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If you're planning on making this for Thanksgiving, start it early in the day. The pie needs four hours to set, but the refrigerator does just about all the work.

Source: Martha Stewart Living, November 2010
Total Time Prep Servings Yield


For the Gingersnap Crust

For the Pumpkin Cream Filling


Cook's Notes

Pie and whipped cream can be refrigerated, separately, overnight.

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How would you rate this recipe?
  • Jennie Frost
    28 NOV, 2013
    I had the same soup-consistency problem after setting it overnight, but fear not: it can be saved if you still have time to set it again. Poor the filling into a double boiler and warm it. In a separate bowl, whisk an egg yolk with 1 tablespoon of water. Add some of the warmed filling to the yolk mix and whisk until smooth. Combine yolk mix with the rest of the filling. Warm it over low heat and keep stirring until it thickens. Pour it back into the pie crust and refrigerate.
  • Christopher Robison
    14 DEC, 2012
    Hi, just wondering do you think the recipe could work as cupcakes? i made it and loved it.
  • Dynamom
    25 NOV, 2011
    Unfortunately I didn't read any of the reader comments until it was too late and my pie was soupy too. We still ate some at Thanksgiving (after I convinced people to look beyond the soupiness!) Then I scraped the rest into a lidded container and stuck it in the freezer, My kids and I have been enjoying it delicious!
  • JBuckbye
    25 NOV, 2011
    This pie was incredible! Best pumpkin pie ever. I didn't have any trouble with the pie setting up. I did make one substitution and that was canned evaporated milk instead of regular whole milk. Everyone who tasted it raved!
  • phoebeF
    24 NOV, 2011
    This was a yummy alternative to the traditional pumpkin pie. It's lighter and more custard-like than the usual. Don't be afraid about it not setting! I am not a baker or cook and mine came out perfectly. I agree with the other reviewers, don't pay attention to the "2 minutes;" watch the video and you'll see how it thickens on the stove, that's when you remove it from the heat. This is a great pie to make the day before.
  • trish5
    24 NOV, 2011
    NellyP is EXACTLY right. I have made this pie twice. The first time I had the soupy consistancy like many other reviewers had. But then I kept the filing on the stove longer -- for just about 4 minutes -- whisking constantly, and in an instant it went from soupy to almost custardy in consitancy. At that point I took it off the stove, strained it and filled the pie. It set perfectly. Just ignore the "2 Minutes" in the directions andkeep on whisking until you see that change in thickness.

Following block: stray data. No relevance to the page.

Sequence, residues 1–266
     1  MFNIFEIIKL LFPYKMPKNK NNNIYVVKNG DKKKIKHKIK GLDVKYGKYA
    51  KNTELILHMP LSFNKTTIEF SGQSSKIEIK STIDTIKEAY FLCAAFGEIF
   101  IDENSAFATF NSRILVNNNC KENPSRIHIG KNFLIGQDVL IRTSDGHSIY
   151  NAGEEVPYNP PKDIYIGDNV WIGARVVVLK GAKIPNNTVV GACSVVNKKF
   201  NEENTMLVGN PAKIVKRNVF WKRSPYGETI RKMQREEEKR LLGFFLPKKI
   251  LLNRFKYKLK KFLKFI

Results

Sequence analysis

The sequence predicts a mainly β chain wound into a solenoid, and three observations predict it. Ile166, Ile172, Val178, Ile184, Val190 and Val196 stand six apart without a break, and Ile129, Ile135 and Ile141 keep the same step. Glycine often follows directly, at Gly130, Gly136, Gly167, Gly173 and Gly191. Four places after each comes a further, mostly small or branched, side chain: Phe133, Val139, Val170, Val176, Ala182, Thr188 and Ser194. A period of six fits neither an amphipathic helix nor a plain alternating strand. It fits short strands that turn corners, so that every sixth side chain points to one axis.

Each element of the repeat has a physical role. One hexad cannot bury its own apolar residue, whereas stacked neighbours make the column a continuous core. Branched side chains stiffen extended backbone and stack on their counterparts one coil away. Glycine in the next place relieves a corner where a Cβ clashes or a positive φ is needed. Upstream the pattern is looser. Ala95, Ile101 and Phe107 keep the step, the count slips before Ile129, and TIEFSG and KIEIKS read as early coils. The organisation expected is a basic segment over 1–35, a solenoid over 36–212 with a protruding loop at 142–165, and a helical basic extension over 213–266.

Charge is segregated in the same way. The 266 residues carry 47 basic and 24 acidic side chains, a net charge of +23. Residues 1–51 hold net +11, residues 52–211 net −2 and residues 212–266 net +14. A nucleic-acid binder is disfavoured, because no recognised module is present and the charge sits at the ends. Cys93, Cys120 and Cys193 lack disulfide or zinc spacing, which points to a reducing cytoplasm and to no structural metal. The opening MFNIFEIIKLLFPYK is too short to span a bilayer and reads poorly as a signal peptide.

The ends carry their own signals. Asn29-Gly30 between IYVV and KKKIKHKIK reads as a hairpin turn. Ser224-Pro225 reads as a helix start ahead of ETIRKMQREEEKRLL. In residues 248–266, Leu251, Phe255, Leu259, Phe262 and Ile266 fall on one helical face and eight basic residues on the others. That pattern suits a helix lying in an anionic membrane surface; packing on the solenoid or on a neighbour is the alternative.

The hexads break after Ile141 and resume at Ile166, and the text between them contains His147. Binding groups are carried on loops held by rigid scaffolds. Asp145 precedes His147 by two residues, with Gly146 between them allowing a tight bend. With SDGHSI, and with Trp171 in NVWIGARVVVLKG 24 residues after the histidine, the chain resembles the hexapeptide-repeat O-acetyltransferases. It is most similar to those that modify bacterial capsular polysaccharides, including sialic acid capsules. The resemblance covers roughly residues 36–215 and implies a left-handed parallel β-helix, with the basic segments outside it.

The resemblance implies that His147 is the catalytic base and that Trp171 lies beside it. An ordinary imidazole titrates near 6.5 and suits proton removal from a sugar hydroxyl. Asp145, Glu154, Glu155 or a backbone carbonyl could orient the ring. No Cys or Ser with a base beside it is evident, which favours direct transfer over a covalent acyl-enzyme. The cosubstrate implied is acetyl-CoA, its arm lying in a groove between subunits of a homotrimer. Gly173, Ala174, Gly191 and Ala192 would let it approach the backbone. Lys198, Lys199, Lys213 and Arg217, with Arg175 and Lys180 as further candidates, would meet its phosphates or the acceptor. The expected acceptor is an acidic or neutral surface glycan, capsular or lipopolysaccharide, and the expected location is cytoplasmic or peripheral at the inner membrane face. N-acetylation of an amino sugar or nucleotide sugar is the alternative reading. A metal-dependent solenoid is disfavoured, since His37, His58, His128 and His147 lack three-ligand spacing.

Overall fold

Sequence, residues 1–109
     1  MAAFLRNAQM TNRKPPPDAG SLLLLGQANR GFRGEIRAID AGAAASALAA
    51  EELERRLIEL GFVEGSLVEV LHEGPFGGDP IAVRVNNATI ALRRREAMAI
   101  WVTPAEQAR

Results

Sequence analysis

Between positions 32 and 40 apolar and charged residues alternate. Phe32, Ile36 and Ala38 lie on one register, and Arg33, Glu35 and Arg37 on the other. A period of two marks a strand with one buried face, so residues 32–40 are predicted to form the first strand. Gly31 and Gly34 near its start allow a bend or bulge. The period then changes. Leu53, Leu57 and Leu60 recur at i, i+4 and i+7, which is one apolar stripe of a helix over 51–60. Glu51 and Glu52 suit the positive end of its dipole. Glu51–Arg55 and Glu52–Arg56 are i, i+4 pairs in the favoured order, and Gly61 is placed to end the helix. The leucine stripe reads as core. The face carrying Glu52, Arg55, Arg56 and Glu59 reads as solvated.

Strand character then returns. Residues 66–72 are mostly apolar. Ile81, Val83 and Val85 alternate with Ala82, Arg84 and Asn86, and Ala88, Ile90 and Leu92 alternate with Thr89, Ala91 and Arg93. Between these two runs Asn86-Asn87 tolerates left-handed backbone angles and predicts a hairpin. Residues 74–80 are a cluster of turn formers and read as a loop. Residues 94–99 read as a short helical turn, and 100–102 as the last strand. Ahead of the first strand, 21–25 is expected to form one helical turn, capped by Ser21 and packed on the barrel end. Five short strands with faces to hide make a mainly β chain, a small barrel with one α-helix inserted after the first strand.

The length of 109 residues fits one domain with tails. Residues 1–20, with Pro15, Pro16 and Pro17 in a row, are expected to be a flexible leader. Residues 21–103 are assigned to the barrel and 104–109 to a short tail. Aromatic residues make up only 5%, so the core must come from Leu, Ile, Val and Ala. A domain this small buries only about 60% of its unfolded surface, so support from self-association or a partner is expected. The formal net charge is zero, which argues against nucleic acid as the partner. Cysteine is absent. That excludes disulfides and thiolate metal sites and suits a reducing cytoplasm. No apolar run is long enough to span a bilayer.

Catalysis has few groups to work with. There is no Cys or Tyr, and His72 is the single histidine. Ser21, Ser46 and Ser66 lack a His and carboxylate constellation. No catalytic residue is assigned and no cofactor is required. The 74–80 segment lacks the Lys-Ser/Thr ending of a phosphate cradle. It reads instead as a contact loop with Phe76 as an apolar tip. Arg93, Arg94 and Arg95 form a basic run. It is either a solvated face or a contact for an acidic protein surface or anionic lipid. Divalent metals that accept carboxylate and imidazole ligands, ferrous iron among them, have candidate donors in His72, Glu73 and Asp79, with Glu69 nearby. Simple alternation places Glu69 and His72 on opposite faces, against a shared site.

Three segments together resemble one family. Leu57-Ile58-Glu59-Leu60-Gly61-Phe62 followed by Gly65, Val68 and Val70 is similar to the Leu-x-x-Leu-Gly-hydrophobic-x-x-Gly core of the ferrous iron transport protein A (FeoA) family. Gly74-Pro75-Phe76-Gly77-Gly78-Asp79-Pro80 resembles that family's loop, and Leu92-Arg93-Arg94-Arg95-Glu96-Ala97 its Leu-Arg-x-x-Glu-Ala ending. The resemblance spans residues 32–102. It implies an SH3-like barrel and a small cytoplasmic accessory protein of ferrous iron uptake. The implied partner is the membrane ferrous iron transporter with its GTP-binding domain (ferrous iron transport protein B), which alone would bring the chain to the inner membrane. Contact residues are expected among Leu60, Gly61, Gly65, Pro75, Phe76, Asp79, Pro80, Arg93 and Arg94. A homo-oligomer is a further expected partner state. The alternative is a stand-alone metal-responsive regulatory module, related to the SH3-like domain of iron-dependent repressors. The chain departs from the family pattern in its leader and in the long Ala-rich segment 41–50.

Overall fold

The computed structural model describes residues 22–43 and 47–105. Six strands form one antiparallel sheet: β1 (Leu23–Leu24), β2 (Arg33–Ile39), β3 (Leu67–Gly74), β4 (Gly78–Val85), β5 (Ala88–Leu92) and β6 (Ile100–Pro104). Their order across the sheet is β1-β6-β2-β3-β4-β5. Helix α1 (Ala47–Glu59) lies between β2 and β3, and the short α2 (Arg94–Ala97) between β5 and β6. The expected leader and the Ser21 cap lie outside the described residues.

• nelly_paola22
    23 NOV, 2011
    The recipe has cornstarch! Cornstarch will not thicken in the refrigerator it has to thicken on the stove! When you have mixed the eggs mixture with the milk mixture make sure to keep the heat on medium and whisk your little arm off until it thickens. It takes about 4 to 5 mins you will start to notice the texture change about after 2 mins and then do not stop whisking until it is a thick creamy texture then you can add the pumpkin.
  • atoddharlin
    23 NOV, 2011
    To those having a hard time getting pie to set up your eggs might be too fresh. Sounds crazy but an old baking trick. Buy your eggs well in advance of using them!
  • Juliacr
    23 NOV, 2011
    This recipe was a rare fail from Martha Stewart. I was dubious about this pie after reading several reviews stating that the filling did not set, but I decided to try anyway. After I returned the cream mixture to the saucepan and was whisking away, waiting for it to bubble, it suddenly seized up and thickened to mousse consistency. I finished the steps anyway, but the filling wasn't that good and I had 2 cups too much. I'm angry that MS hasn't responded to any like reviews. It would help.
  • KevinKaye
    21 NOV, 2011
    also, if you strain it, it makes it incredible smooth! so don't skip that step. if you think it's too thick to strain, trust me, it's not. just be vigorous with shaking it so that the filling works its way through the sieve or strainer.

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